And before anybody says it, I don’t buy for one bit the argument that implementation is being purposely delayed. I have every confidence it’s a manpower problem. That should be your next fight - getting the state to allocate appropriate resources to this program.


  50. - Demoralized - Friday, Sep 13, 13 @ 2:26 pm:

    ==Actually what i find amazing is people who find Roe to be rock solid but think Heller is activism.==

    Judicial activism is defined by whether somebody agrees with a decision or not. If you agree with a decision the Court is doing a great job. If not the Court is a bunch of activist jerks.


  51. - Mason born - Friday, Sep 13, 13 @ 2:27 pm:

    @Demo

    Pretty much nailed it.


  52. - Mason born - Friday, Sep 13, 13 @ 2:33 pm:

    @Word

    I think the two of us will find out which one of us is right sometime after October when the 7th looks at the Shepherd v. Madigan appeal. I see 3 possible outcomes.
    a. Judge Stiehl is right (and you sir by extension) there is no standing and a new suit must be filed.
    b. The 7th rules the state is infringing but cannot avoid the infringement. Hopefully giving a date the state must have system up by.
    c. The 7th allows some sort of carry until the original process is complete.

    Myself i suspect something around #2.


  53. - wordslinger - Friday, Sep 13, 13 @ 2:34 pm:

    –Judicial activism is defined by whether somebody agrees with a decision or not.–

    There’s been judicial activism ever since John Marshall stuck it to his cousin Thomas Jefferson when he asserted the concept of judicial review in Marbury v. Madison.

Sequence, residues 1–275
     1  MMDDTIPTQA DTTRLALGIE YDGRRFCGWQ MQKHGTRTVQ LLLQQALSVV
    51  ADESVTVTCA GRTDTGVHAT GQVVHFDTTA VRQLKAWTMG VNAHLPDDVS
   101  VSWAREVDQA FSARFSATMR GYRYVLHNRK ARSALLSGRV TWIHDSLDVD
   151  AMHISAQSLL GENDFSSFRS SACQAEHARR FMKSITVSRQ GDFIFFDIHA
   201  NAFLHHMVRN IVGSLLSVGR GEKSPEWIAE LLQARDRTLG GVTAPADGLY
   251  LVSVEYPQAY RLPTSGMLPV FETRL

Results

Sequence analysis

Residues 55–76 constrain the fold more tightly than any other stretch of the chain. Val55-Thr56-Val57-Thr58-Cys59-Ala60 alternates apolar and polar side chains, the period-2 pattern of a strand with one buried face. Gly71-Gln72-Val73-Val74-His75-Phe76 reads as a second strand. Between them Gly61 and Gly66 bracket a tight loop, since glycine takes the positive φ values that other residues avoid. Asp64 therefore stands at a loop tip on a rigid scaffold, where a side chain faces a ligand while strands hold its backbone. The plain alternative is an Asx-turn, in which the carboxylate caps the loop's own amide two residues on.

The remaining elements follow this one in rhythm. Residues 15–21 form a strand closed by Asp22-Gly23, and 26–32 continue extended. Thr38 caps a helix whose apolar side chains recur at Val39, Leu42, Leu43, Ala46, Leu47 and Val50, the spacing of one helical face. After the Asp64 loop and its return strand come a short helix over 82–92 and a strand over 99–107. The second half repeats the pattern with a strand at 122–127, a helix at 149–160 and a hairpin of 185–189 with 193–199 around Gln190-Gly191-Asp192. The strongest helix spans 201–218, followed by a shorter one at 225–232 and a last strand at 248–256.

You won’t find anywhere in the Constitution the power for the Supreme Court — or any court — to strike down laws. “Original Intent” justices like Scalia don’t have a problem with that.


  54. - Bill Wick - Friday, Sep 13, 13 @ 2:35 pm:

    === militia ===

    Still stuck on militia?


  55. - Mason born - Friday, Sep 13, 13 @ 2:40 pm:

    @Demo

    I think the concern at least for me is to avoid a delay whether intentional or unintentional. If the 7th decides that a delay is an infringement then it becomes harder to sweep funds setup for implementation or other incindental delay. Quinn as top administrator could care less if this is completed in January or January 2018 another decision might change that.


  56. - Libertyvilles Finest - Friday, Sep 13, 13 @ 2:42 pm:

    @Demoralized

    I hear ya! I agree


  57. - Todd - Friday, Sep 13, 13 @ 3:51 pm:

    Low — i lobby about things that go bang, not boom. So no on the semi-auto bans, and yes on regulations for things towed by a jeep.. . .

    You’re not pushing for unlimited unrestricted gun ownership? What good are you? I want my freedoms! My rights! To defend myself. You don’t want assault rifle bans. Ok, once we have the right to those, I want a flamethrower…or a tank, to defend myself as the 2nd Amendment gives me

    As for that malitia thing, the court dealt with that in Heller, it denotes a purpose, but does not determine the scope of the right as applied to the people. Asked and answered. Try some other worn out gun controllers arguement


  58. - Confused - Friday, Sep 13, 13 @ 4:21 pm:

    “or a tank, to defend myself as the 2nd Amendment gives me”

    Well, there is no law prohibiting you from buying a tank. If you want one, find one on ebay (they are there occasionally). You can also own a jet fighter - they are on sale all the time in Trade-a-Plane.


  59. - Demoralized - Friday, Sep 13, 13 @ 4:24 pm:

    @Mason:

    I think we all knew that this entire thing was going to be a mess with or without a law. I hate it when we meet expectations.


  60. - Iow level - Friday, Sep 13, 13 @ 4:27 pm:

    As it is a law that has been passed, and the court has dealt with it, using your arguments- I look forward to when the Affordable Care Act will be fully implemented and not subject to “worn out arguments.”

    (Very sorry to go off topic, Rich, but the irony in what some of these folks say is just amazing to me. Everyone have a good weekend)


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* Federal judge rules against Cook County GOP lawsuit to block new vote by mail program